Farm life is such a roller-coaster of ups and downs. Success and failure. Gain and loss. And it can change so quickly, leaving us feeling polar-opposite emotions in a very short span of time.
Yesterday we woke to the cheeping of newly hatched baby chicks. An excellent hatch of 7 out of 9 eggs. Eve had set on 4 of them (3 hatched) and we had 5 in the incubator (4 hatched) which we put under Eve once they were out of their eggs. Eve was happily mothering them and we were all very excited.
By midday that excitement was gone when we found our little one-month-old goat kid, Pearl, very sick in the barnyard. Despite our best efforts and help from the vet, by mid-afternoon Pearl was dead and we were all emotionally crushed. The exact cause is unknown, but with the symptoms, and how quickly she died, the vet thinks it was enterotoxemia. It is basically a shift in gut flora that causes the clostridium bacteria that are always present to turn into an out-of-hand infection. It kills fast and whether you can save them or not is totally hit or miss. We caught it early, but it didn’t save her. The vet said there wasn’t anything we did to cause this specific situation. It is usually caused with changes in feed or overeating, neither of which happened with Pearl. She was fine at 9am, obviously sick at 11am, and dead by 3pm. It was terrible and a very difficult experience. We let Pansy spend some time with her after she was gone so she would know.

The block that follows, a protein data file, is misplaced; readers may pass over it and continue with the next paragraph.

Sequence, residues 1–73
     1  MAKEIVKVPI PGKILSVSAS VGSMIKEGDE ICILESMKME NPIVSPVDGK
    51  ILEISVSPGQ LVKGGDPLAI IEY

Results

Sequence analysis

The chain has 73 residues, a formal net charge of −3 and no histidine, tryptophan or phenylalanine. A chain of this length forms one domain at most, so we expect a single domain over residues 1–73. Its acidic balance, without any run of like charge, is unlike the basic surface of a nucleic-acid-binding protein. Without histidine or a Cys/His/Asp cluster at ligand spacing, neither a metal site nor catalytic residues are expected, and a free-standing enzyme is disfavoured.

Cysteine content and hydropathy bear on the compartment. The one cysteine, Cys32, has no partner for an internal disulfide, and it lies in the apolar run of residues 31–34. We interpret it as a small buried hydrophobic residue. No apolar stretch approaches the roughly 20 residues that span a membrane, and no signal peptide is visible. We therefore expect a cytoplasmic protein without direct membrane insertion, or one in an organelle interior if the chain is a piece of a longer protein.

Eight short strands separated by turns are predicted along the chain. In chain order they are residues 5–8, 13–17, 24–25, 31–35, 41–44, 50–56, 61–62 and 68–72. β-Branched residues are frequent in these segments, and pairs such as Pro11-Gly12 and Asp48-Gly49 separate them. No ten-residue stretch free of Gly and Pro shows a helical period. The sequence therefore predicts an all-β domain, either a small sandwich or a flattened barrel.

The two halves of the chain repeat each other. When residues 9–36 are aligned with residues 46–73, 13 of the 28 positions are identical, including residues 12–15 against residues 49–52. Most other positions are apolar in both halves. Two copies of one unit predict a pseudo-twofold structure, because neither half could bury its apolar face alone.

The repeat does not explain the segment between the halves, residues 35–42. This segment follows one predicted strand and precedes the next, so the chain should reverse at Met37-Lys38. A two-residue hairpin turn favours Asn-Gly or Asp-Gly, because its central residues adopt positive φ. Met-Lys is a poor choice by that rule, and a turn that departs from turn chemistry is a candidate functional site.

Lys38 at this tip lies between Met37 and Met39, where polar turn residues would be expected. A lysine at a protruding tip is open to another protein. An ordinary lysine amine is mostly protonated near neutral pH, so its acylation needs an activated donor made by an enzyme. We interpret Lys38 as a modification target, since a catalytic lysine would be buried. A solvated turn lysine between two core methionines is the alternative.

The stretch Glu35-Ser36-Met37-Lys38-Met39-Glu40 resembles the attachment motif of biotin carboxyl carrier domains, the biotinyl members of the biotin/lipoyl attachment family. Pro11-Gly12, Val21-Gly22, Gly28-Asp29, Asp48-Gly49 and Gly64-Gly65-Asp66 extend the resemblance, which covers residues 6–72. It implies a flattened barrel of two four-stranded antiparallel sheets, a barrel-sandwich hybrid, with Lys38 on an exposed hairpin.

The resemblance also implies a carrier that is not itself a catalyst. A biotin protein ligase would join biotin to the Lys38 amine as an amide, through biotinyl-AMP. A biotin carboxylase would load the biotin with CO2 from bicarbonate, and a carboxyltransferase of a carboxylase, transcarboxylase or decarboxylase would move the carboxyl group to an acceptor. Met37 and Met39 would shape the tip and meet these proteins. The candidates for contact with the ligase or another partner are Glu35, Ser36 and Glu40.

Farm life is not for the faint of heart. Watching a baby goat die and not being able to do anything that helped, watching my daughter’s heart break (it was her goat), and then watching the mama goat pace the yard crying out left me crawling into bed feeling raw and defeated. We are pulling together as a family as we process this loss. But in farm life there isn’t much time to stop. Life keeps going. Animals need to be fed, milked, and you still have to get up the next day and tend those cute baby chicks that hatched yesterday. The practical has to be dealt with, which for this situation means transitioning our schedule to milking Pansy twice-a-day and continuing to move forward while we nurse our hurting hearts.
Farming can be quite the dichotomy of experiences and emotions.